AEA365 | A Tip-a-Day by and for Evaluators

CAT | Translational Research

We are internal evaluators Cath Kane, of Weill Cornell Clinical & Translational Science Center, and Jan Hogle, at the University of Wisconsin-Madison Institute for Clinical & Translational Research. The 62 Clinical and Translational Science Award (CTSA) hubs — along with community-based and industry partners — collaborate to advance translational research from scientific discoveries to improved patient care by providing academic homes, funding, services, resources, tools, and training.

Lesson Learned: How do CTSA hubs define “translational?” Translation is the process of turning observations from the laboratory, clinic, and/or community into interventions that improve individual and public health. Translational science focuses on understanding the principles underlying each step of that process.

Hot Tip: Ask “What are we evaluating?” Internal evaluators determine whether programs are efficiently managed, effective in meeting objectives, and ultimately impacting the process and quality of biomedical research — involving multiple variables in complex systems. Case studies use qualitative data to complement quantitative data on research and training productivity. Analysis of multiple case studies identifies factors that facilitate or impede successful translation.

Retrospective or prospective? Retrospective analyses use an abundance of data to deeply study known successes. Prospective case studies can identify factors that influence translation in real time. Questions might include:

  • What does ‘successful translation’ mean?
  • Which operational process markers are most important?
  • What are the ideal duration metrics?
  • How does collaboration and the individual CTSA hub move translation along over time?
  • How can we better support the translational process?

The retrospective case study below tells a story of key operational markers in the development of Gleevec, used to treat leukemia. Public data such as publications, FDA approval and patenting events, and mortality data were overlaid with interview data from key informants.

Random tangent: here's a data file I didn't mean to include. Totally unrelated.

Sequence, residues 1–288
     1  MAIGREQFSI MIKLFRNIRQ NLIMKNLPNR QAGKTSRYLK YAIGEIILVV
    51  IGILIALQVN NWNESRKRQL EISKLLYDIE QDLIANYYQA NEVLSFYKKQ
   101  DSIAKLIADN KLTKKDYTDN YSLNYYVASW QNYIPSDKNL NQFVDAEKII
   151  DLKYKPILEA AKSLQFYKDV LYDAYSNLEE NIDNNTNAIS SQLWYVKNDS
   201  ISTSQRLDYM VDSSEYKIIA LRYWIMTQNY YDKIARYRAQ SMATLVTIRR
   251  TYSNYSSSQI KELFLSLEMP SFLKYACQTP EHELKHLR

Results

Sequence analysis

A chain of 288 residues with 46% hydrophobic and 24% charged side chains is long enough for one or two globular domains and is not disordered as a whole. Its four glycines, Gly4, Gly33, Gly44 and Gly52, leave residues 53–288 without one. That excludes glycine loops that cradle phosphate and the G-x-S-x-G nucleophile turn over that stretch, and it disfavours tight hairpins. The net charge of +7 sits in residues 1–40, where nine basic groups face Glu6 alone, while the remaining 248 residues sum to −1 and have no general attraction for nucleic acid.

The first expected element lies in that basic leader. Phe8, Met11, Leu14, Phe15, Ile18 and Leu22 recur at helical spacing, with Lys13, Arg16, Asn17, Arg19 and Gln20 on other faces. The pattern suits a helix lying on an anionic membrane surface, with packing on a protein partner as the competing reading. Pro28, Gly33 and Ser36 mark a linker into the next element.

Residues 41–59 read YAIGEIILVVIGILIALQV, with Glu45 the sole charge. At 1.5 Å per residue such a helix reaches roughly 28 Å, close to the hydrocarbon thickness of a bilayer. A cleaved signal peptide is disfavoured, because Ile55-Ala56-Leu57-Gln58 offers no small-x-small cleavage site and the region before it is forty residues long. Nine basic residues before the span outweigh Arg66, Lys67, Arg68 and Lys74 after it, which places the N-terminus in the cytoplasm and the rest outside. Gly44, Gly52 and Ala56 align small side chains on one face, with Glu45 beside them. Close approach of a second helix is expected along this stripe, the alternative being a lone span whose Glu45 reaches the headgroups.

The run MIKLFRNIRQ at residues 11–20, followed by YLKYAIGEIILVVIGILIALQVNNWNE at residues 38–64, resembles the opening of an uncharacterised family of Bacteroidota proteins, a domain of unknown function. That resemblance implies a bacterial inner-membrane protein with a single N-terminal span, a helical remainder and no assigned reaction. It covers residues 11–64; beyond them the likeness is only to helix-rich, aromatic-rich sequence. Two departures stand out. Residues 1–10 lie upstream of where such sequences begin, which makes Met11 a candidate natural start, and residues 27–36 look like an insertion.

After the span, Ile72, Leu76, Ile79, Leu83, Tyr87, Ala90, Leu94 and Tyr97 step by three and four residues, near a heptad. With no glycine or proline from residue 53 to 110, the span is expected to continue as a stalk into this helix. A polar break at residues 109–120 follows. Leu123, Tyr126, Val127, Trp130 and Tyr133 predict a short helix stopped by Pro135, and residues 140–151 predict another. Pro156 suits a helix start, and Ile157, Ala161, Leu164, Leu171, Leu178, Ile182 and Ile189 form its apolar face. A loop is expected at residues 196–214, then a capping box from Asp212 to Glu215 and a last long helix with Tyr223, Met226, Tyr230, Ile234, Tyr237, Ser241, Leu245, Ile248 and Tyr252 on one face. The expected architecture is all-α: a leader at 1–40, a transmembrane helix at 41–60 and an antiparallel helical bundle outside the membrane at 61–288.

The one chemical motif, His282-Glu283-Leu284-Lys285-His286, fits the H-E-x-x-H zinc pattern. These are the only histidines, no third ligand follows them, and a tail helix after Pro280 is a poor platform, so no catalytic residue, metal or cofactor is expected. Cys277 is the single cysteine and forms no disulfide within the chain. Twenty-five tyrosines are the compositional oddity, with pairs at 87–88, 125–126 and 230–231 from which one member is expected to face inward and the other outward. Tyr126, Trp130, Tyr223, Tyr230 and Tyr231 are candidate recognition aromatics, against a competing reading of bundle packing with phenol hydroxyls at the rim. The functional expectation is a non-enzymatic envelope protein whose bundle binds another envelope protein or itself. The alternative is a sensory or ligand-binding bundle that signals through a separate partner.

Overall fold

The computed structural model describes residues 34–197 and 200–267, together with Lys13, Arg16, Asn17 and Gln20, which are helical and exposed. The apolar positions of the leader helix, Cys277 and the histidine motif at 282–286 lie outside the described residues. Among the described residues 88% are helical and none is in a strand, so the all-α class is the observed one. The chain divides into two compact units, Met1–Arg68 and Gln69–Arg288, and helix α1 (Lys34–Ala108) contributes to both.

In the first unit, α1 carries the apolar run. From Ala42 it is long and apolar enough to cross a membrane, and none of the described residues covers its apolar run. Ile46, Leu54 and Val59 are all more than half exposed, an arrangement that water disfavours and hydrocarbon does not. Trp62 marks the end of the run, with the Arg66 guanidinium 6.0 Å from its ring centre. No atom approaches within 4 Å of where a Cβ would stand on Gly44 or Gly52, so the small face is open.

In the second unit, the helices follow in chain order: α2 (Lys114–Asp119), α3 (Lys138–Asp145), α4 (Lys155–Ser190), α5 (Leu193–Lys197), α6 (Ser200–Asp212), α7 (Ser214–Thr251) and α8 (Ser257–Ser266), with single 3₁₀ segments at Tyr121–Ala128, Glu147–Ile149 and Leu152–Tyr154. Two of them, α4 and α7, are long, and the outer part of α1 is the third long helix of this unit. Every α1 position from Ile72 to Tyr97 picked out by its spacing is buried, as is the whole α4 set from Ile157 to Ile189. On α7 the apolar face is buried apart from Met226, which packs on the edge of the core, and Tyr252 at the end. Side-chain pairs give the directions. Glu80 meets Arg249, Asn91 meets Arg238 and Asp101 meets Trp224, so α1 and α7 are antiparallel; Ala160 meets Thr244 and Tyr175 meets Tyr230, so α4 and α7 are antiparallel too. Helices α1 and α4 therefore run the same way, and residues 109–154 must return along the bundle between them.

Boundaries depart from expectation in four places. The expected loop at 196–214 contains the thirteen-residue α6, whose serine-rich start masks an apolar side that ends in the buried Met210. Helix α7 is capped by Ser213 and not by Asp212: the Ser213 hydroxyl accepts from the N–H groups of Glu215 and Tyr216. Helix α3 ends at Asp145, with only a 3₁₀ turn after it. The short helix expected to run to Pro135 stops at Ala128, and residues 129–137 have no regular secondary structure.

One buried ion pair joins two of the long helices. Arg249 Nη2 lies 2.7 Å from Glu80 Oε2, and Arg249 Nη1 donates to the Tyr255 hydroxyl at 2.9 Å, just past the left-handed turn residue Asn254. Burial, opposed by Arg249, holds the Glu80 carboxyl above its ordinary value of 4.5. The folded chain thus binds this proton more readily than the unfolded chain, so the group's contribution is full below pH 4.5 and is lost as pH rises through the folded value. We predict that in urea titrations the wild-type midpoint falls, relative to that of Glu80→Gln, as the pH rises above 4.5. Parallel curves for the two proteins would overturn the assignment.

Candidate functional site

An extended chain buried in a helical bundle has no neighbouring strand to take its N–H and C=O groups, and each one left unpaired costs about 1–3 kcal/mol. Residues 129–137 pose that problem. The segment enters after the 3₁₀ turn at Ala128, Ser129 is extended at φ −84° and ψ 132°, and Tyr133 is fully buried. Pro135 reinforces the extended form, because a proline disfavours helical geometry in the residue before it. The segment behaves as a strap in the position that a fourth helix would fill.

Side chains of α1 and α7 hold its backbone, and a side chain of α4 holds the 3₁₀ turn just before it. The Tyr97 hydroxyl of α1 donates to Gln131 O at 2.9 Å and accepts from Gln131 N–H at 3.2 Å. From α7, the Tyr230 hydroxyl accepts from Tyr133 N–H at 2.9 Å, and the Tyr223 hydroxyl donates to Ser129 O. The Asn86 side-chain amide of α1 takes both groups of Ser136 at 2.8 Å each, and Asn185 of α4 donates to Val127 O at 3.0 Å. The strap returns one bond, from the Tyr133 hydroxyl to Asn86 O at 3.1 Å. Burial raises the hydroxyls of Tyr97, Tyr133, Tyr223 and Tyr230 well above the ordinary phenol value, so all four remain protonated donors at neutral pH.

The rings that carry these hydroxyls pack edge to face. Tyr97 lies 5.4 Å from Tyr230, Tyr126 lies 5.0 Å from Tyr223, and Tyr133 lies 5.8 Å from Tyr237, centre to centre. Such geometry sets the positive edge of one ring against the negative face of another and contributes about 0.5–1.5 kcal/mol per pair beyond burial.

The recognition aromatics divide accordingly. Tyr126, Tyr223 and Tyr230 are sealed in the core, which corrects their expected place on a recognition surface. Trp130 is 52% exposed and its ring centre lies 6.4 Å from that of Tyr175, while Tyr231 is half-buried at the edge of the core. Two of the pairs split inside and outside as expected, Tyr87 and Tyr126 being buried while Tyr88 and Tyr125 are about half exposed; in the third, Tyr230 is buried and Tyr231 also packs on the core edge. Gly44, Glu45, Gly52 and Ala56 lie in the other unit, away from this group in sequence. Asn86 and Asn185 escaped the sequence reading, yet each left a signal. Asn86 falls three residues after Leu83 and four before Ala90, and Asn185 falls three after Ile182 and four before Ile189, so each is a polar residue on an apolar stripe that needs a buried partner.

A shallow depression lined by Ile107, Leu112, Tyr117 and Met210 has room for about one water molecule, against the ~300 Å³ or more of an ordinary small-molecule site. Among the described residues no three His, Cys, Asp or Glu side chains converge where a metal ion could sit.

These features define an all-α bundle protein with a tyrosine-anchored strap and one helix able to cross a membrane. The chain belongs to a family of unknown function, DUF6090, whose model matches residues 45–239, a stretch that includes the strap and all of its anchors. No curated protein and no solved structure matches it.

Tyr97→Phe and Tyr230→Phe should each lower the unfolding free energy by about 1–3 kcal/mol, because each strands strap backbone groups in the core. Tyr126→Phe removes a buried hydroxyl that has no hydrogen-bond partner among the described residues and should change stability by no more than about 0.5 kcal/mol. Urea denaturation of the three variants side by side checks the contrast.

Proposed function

Kane & HogleLessons learned:

  1. An individual face-to-face interview is indispensable for obtaining an insider’s view of the research process.
  2. Record the interview and take notes. Often the research details are unfamiliar to the interviewer. Hand-written notes alone may not capture the interview accurately.
  3. Ask investigators for their interpretation of “translation.” People have different ideas about the meaning of translation. What are the key moments or markers in translation?
  4. Case studies can serve many needs from short summary “stories” for public relations and newsletters, to more rigorous approaches paired with quantitative data for decision making by internal and external stakeholders.

Perhaps the most important lesson learned is the value CTSA evaluation teams bring to their hubs, not only for long term objectives, but also in the shorter term through contributions on a daily basis to programming adjustments and course corrections using a mixed methods approach to understanding complex change.

The American Evaluation Association is celebrating Translational Research Evaluation (TRE) TIG week. All posts this week are contributed by members of the TRE Topical Interest Group. Do you have questions, concerns, kudos, or content to extend this aea365 contribution? Please add them in the comments section for this post on the aea365 webpage so that we may enrich our community of practice. Would you like to submit an aea365 Tip? Please send a note of interest to aea365@eval.org. aea365 is sponsored by the American Evaluation Association and provides a Tip-a-Day by and for evaluators.